“Let me tell you that whether in APC or PDP, the problem we have now is Kwankwaso. Our problem is not APC or PDP. Because Kwankwaso is already a presidential candidate we are in problem.
We are forcing every party – that is what I saw – to pull out. Because of Kwankwaso, if you give me the ticket from the South East, I will lose and it would not be good for us.
Kwankwaso left PDP and went to NNPP and if PDP or APC zone its presidential ticket to a candidate in Southern Nigeria, then Kwankwaso is a president in waiting. I can assure you that knowing the mentality on the ground, unless we are telling ourselves lies.
I cannot lie to myself; I’m a student of realism. So Kwankwaso is the problem because if PDP goes to the North and the APC goes to the South, it’s as well telling myself to pack my luggage and go. I’ll not have a job in the National Assembly or the federal government of Nigeria.
That’s the truth. Whether you want to believe it or not, Kwankwaso has changed the dynamics.”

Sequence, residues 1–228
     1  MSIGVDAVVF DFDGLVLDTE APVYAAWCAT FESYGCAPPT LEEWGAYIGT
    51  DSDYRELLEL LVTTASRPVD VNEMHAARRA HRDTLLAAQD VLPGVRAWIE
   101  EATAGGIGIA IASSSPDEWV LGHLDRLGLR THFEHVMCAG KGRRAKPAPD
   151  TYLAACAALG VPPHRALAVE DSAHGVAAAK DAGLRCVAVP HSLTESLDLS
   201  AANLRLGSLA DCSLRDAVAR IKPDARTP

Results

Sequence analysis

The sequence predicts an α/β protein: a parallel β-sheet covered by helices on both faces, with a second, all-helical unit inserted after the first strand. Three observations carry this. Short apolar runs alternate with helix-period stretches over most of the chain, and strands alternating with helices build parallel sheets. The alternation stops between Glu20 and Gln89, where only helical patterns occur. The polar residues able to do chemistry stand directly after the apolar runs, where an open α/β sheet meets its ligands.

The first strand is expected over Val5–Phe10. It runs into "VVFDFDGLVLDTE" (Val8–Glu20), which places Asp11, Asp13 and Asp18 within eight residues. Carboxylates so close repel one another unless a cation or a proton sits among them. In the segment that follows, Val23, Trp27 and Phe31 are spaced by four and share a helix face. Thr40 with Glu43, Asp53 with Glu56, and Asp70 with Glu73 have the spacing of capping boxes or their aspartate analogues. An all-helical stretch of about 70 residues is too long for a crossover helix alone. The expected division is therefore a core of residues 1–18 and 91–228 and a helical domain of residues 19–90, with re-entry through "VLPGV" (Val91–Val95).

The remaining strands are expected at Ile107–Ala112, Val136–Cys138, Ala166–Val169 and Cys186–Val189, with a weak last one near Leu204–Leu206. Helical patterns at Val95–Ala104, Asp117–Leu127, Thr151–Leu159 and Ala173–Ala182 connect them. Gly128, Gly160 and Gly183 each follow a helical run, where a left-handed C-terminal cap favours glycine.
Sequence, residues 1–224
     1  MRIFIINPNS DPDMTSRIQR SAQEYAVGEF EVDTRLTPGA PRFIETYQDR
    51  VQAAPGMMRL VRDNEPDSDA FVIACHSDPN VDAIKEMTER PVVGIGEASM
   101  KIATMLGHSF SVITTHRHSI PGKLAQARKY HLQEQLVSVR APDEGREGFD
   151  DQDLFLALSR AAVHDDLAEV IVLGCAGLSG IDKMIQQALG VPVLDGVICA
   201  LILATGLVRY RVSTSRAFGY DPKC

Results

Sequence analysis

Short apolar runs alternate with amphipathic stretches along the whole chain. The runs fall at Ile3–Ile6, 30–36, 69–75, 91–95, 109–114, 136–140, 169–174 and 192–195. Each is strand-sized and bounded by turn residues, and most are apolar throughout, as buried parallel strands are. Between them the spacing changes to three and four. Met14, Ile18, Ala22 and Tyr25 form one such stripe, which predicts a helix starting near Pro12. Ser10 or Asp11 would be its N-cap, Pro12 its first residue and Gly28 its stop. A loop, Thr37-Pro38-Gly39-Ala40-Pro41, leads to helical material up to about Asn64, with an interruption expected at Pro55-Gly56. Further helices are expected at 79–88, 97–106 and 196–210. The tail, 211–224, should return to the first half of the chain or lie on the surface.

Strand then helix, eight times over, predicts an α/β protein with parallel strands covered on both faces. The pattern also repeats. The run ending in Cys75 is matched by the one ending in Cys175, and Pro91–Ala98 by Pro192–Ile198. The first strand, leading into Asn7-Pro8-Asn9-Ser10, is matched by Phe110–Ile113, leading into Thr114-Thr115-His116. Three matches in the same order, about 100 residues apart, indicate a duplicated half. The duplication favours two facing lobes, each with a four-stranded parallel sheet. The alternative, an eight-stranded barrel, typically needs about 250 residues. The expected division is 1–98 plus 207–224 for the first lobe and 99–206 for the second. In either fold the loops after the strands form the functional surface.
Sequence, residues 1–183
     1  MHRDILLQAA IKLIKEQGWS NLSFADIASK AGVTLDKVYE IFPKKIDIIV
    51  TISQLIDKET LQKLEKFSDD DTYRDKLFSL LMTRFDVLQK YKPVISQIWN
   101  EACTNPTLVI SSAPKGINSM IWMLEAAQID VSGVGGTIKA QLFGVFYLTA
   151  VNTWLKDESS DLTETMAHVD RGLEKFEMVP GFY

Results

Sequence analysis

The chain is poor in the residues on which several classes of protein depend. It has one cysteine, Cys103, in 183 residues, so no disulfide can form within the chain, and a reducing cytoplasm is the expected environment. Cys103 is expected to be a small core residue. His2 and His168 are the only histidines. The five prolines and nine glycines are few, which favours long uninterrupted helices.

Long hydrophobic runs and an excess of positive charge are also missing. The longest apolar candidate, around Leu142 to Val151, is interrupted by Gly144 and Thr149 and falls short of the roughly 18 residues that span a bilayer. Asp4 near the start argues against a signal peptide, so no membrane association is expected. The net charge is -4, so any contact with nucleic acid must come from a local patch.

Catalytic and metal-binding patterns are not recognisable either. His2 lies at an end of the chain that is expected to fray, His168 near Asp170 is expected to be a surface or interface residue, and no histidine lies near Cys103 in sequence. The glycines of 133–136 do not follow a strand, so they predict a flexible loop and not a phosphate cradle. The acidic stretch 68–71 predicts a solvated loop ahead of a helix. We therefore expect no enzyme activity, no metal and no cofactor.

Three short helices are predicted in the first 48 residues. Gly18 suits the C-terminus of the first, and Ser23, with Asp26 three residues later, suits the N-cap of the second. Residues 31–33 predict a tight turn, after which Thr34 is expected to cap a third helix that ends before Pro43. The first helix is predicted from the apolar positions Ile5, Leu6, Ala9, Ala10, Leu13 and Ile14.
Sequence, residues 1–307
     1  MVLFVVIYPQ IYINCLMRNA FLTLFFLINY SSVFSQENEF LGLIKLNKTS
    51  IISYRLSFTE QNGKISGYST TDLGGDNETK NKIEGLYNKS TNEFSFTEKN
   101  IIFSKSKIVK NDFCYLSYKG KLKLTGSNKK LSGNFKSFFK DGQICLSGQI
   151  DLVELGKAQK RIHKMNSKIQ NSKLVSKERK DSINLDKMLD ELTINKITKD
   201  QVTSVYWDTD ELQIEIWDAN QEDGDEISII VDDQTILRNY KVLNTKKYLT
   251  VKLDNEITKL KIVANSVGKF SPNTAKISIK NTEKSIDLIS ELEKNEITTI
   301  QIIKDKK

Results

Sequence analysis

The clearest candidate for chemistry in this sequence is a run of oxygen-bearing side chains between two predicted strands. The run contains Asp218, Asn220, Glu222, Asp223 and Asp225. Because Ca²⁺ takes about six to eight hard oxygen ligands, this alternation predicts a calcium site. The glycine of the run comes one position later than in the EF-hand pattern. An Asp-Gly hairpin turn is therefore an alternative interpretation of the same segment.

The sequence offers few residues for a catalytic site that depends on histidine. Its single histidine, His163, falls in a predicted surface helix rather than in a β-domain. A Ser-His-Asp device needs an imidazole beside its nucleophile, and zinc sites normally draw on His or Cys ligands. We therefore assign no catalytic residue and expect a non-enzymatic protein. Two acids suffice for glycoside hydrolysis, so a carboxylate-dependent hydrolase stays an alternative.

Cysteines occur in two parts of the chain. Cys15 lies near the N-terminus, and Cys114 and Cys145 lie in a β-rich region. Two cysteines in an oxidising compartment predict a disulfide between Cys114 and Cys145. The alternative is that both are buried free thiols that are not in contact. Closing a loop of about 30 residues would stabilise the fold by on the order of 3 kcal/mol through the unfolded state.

Similarly, NNPP’s National Chairman, Prof. Rufai Alkali, at a forum charged the National Working Committee (NWC) to work assiduously towards emerging victorious in next year’s general elections.
Alkali said, “You must all know that these responsibilities bestowed on us are a trust we must all hold dearly, and we must work very closely together to fulfill the manifest destiny of our great party and the nation.
I need not remind you all that this party has re-bounced back into the reckoning and into Nigeria’s political space at the most decisive and challenging period of our nation’s history.
I say decisive because Nigerians for too long have been waiting for a political party to salvage the Nation, to rescue our people from the visionless and directionless political elites that have abandoned the fundamental principles and grown norms of democratic governance.
It appears to us most of the political elites have forgotten the past and do not look at the future beyond their noses,” he noted.
With the rising profile of the NNPP, it is increasingly becoming hard for anyone to predict which party will dominate the polity.
However, many believe that the calibre of candidates produced by the respective parties during their primaries will be the litmus test for the PDP and APC ahead of next year’s general election in the state.
Will the NNPP manage this momentum and make an in-road?